Barney Greengrass

Tortas de Inés Rosales, topleft side of the shelf.
How to get there
Telephone: +12127244707

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There’s a pack of Tortas de Inés Rosales at Barney Greengrass’ shop window. Among bags of pretzels and boxes of crackers, the “delicious snack” from Seville finds its place in this charismatic centenarian establishment. Sure as it is of its own identity, Barney welcomes any foreign element that has something to add to the mix. Celebrating this peculiarity, Spanish writer Elvira Lindo, Upper West Side neighbor and Barney’s regular, has dedicated the store a beautiful passage of her new book, Lugares que no quiero compartir con nadie. Lindo also highlights the variety of fiction stories that have chosen this Jewish Deli Restaurant as a location. In my opinion, one of the funniest is the 30 Rock’s episode titled The Bubble, in which Liz Lemon has a lunch date at Barney’s with her new boyfriend, Dr. Drew Baird, a guy so handsome that everyone overlooks whatever shortcomings and extravagance he might have.

The store is divided in two areas. By the entrance, the deli shop, fifties polished chrome furniture and large counters, with piles of bagels, bialys, fruits, cans, pickles, cold and salted meat and fish to go. On the left side, the restaurant, wooden tables and chairs covered with dark green leatherette, and a mural on both sides of the wall depicting what it looks like New Orleans at the beginning of the 20th Century: once again, an out of place element that is, nevertheless, in perfect harmony.
Lucky me, we get the good-looking Zachary Levi meets Sacha Baron Cohen waiter, who explains that Barney Greengrass is the Sturgeon King, a fish so tasty that is also known as “the bacon of the ocean”. I chose to try one of the specialties, sturgeon scrambled with eggs and onions, and a poppy seed bagel with cream cheese: a sumptuous brunch, no doubt. “Spanish?” Gary Greengrass, the founder’s grandson throws a tailor- made joke for us, “Don’t you agree Gaudi’s works are very much like The Flintstones’ houses?”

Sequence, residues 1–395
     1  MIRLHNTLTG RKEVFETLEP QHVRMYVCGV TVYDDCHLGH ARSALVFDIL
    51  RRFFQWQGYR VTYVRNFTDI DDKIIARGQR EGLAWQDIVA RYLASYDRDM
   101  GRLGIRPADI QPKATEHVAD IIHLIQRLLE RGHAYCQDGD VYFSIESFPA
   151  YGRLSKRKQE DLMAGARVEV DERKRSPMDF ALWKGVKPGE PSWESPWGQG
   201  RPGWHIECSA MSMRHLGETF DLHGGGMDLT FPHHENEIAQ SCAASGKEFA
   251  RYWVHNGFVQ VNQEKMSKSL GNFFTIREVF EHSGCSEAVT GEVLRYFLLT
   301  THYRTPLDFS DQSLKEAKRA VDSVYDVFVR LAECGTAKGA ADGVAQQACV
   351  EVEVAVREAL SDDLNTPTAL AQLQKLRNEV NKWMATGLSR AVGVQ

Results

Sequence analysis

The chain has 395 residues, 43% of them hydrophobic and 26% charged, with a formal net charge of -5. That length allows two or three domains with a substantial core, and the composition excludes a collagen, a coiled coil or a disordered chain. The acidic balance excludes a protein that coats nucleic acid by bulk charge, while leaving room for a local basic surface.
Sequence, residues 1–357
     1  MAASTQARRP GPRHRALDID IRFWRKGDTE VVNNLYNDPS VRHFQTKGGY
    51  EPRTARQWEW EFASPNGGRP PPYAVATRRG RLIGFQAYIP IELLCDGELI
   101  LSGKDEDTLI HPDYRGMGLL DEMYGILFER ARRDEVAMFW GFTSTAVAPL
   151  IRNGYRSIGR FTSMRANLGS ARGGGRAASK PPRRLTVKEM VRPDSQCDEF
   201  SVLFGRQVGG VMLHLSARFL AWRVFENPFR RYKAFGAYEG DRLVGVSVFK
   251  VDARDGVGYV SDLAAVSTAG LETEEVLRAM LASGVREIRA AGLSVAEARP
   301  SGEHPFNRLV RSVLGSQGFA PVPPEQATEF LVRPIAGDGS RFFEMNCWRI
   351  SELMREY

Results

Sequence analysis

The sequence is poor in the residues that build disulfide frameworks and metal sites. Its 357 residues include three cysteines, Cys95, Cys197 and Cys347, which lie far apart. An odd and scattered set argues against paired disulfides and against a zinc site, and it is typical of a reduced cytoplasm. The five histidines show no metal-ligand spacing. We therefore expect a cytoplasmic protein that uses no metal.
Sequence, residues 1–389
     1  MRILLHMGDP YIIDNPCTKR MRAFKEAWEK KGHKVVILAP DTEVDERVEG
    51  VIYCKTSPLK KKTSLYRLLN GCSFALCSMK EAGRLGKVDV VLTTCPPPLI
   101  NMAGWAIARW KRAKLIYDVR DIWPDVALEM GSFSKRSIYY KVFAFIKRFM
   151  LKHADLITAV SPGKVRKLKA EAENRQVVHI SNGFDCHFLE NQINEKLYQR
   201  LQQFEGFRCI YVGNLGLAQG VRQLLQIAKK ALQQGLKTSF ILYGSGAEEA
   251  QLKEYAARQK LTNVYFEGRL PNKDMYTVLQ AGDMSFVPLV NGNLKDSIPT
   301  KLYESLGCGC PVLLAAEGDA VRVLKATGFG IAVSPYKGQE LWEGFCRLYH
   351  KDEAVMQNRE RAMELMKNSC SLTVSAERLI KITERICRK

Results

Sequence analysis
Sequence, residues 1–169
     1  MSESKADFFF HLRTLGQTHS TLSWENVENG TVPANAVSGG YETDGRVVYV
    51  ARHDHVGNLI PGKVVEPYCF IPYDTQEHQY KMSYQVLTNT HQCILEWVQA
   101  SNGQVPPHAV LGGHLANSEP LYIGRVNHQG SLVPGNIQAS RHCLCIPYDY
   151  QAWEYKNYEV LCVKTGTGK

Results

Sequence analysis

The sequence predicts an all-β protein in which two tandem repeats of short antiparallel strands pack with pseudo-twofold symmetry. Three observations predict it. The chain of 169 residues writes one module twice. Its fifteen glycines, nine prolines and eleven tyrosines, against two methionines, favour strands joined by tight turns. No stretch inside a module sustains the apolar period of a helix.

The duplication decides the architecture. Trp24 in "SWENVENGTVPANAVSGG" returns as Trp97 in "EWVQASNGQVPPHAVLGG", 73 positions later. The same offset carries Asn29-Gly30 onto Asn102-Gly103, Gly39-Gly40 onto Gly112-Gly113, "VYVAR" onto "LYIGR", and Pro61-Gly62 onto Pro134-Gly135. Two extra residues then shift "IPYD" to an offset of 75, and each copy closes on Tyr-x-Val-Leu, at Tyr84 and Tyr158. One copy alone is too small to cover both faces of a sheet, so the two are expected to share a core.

We enjoy the place so much that we come back after a few days, at lunchtime. Next to our table, three men and one woman are having a lively conversation while they’re eating their matzo soup. Although they are discreet enough, it is obvious the males are fascinated by the petite, clean faced, straight haired brunette. The four of them are a contemporary painless version of Bashevis SingersThe Cafeteria, that tale where a bunch of guys from the fifties, would smother with attentions and listen to the stories the delicate survivor Esther would tell in her idiomatic Yiddish, unaware of the deep disturbance behind her hazel – indefinite colored- eyes.

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